The Sound Projector Christmas Radio Show Friday 16th December 2011
‘Hard Times of Old England’
‘The Wife of Usher’s Well’
Richard & Linda Thompson:
‘We Sing Hallelujah’
‘I Want to See the Bright Lights Tonight’
From I Want to See the Bright Lights Tonight, UK ISLAND REMASTERS IMCD 304 CD (2004)
Shelagh McDonald, ‘Jesus is just all right’ (1970)
From Album, JAPAN STRANGE DAYS WAS-1043 CD (2006)
The Etchingham Steam Band:
‘Hard Times of Old England’
‘The Sussex Carol’
‘Adderbury Wassail Song’
From The Etchingham Steam Band, UK FLEDG’LING RECORDS FLED 3002 CD (1995)
Nic Jones, ‘The Outlandish Knight’
From Nic Jones, UK TRAILER LER 2027 (1971)
Teresa Maguire, ‘The Joys of Mary’
Peter Jones, ‘The Holly and the Ivy’
Bob and Ron Copper, ‘The Twelve Days of Christmas’
Watersons, ‘While Shepherds Watched Their Flocks’
From Sound, Sound Your Instruments of Joy, UK TOPIC 12TS346 (1977)
Bob and Ron Copper, ‘Shepherds Arise’
John Partridge, ‘The Cherry Tree Carol’
Shirley & Dolly Collins:
‘Down in Yon Forest’
‘The Gower Wassail’
‘Is it far to Bethlehem’
From Within Sound, UK FLEDG’LING RECORDS NEST 5001 4 x CD (2002)
Watersons, ‘Christmas is now drawing near at hand’
From Frost & Fire, UK TOPIC 12T136 LP (1965)
The Young Tradition, ‘Lyke Wake Dirge’ (1966)
From The Young Tradition, UK CASTLE COMMUNICATIONS ESM CD 409 CD (1996)
Ray & Archie Fisher, ‘Night Visiting Song’
From Bonny Lass Come O’er The Burn, UK TOPIC 12T128 LP (1962)
Anne Briggs, ‘Martinmas Time’
From Classic Anne Briggs, UK FELLSIDE RECORDINGS FECD78 CD (1990)
Richard Thompson, ‘Mary and Joseph’ (1972)
From Henry The Human Fly, UK HANNIBAL HNBL4405 LP (1986)
Sandy Denny, ‘At the end of the day’ (1973)
From Like An Old Fashioned Waltz, UK ISLAND REMASTERS IMCD315 CD (2005)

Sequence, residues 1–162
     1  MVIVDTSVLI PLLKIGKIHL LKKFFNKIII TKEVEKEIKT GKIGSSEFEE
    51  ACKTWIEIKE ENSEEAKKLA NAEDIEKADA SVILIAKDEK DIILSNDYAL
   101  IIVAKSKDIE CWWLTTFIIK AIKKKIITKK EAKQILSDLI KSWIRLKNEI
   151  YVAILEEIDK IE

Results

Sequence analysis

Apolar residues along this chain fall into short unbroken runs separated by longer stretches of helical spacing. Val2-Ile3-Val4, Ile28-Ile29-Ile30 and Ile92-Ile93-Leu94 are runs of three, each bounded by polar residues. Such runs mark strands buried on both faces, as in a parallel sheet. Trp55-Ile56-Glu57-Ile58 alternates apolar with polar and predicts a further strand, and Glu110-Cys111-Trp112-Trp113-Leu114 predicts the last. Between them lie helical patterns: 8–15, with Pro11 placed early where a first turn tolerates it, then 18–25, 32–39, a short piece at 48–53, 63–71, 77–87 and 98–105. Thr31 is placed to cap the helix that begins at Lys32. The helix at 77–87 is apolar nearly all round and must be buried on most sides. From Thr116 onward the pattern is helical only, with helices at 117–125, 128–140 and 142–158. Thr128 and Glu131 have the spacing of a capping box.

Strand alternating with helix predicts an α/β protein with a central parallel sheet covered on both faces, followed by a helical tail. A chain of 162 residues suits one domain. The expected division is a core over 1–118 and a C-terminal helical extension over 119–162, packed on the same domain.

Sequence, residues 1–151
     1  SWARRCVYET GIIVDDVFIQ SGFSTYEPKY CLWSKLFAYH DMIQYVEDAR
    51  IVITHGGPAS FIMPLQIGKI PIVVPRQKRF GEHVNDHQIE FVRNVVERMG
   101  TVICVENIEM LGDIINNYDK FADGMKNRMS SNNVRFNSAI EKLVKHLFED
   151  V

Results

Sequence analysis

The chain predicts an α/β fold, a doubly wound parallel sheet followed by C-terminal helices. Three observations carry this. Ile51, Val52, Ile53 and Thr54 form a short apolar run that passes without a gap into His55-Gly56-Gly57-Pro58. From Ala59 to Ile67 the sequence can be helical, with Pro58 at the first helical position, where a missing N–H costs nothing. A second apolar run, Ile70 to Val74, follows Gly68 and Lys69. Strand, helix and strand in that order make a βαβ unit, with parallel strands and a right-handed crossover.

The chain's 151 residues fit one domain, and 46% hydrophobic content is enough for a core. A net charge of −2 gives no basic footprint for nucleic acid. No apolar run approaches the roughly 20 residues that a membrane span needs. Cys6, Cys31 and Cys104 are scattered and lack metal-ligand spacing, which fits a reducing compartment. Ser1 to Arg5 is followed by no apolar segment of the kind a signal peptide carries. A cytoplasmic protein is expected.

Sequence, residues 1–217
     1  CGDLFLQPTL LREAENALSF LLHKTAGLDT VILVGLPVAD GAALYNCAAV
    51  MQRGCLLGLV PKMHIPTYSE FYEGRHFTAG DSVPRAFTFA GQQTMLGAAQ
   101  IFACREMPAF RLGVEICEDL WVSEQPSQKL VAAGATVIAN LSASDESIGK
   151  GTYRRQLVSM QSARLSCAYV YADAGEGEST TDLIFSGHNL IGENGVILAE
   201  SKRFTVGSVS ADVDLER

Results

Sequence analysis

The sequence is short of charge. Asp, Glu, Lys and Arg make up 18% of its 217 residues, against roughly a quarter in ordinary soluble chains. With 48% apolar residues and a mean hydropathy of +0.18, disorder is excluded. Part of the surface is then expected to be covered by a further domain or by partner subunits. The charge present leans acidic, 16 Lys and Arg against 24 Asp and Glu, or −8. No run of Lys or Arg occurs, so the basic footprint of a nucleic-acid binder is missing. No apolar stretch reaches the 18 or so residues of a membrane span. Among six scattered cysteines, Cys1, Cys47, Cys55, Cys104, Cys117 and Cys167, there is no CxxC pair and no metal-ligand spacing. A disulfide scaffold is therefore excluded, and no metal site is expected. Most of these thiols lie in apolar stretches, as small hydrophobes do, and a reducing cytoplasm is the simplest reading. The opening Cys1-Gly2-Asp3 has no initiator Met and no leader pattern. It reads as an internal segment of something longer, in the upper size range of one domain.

Alasdair Roberts, ‘Lyke Wake Dirge’
From No Earthly Man, USA DRAG CITY DC283 LP (2005)
1 from All Around My Hat, UK CHRYSALIS CHR1091 LP (1975)
and Below the Salt, UK CHRYSALIS CHR 1008 LP (1972)
6-8, 10, 11 from The Folk Songs of Britain Volume 9: Songs of Ceremony, UK TOPIC 12T197 LP (1971)
Don’t we all have favourite records we play every Christmas? I know I do. It’s the first album (from 1973) by The Residents, specifically the track on side two ‘Seasoned Greetings’. It’s one of many Residents Christmas pieces – an instrumental which starts and ends with a canon of melancholy horns and piano which state the main ‘theme’. In the brooding mid-section, wah-wah guitar noodlings meander over a distorted bass and piano backing. Horns whoop like triumphant elephants. At the end a ghastly sentimental voice breaks in, bleating ‘Merry Christmas, Mom! Merry Christmas, Dad! And Merry Christmas, Sis! I love you!’ in the most corny, saccharine tones imaginable. It’s a sarcastic garish day-glo parody of a greetings card in sound, leaving the listener in no doubt as to how The Residents view this particular holiday season.
I admit to everything – I’m a total ‘Grinch’ when it comes to Christmas. This Residents track has developed into a personal anti-Christmas charm for me, a private magic spell that protects me from the usual Christmas horrors – the family, grim seasonal fare, dark nights, bad TV – which induce chronic depression. However, I first heard Meet The Residents not during a bleak winter, but in summer 1981, at art college in Coventry, where its shocking unfamiliarity became an obsession. Playing it late at night, drunk, through headphones, I suppose I was attempting to efface its strangeness through repetition – and failing. Another obsession began there too; the band’s mythic history, as described in the sleeve notes. The gathering of tapes, their mentor The Mysterious N Senada, and the origins of the later Eskimo LP. We were told that this ‘staggering new musical style’ was composed using ‘phonetic organisation’. What the devil? One track yielded what I imagined was a clue to these ‘phonetic’ methods – ‘Smelly Tongues Look Just How They Felt’ ran one chant, a phrase that referred to all the five human senses – except that of hearing. Hmm…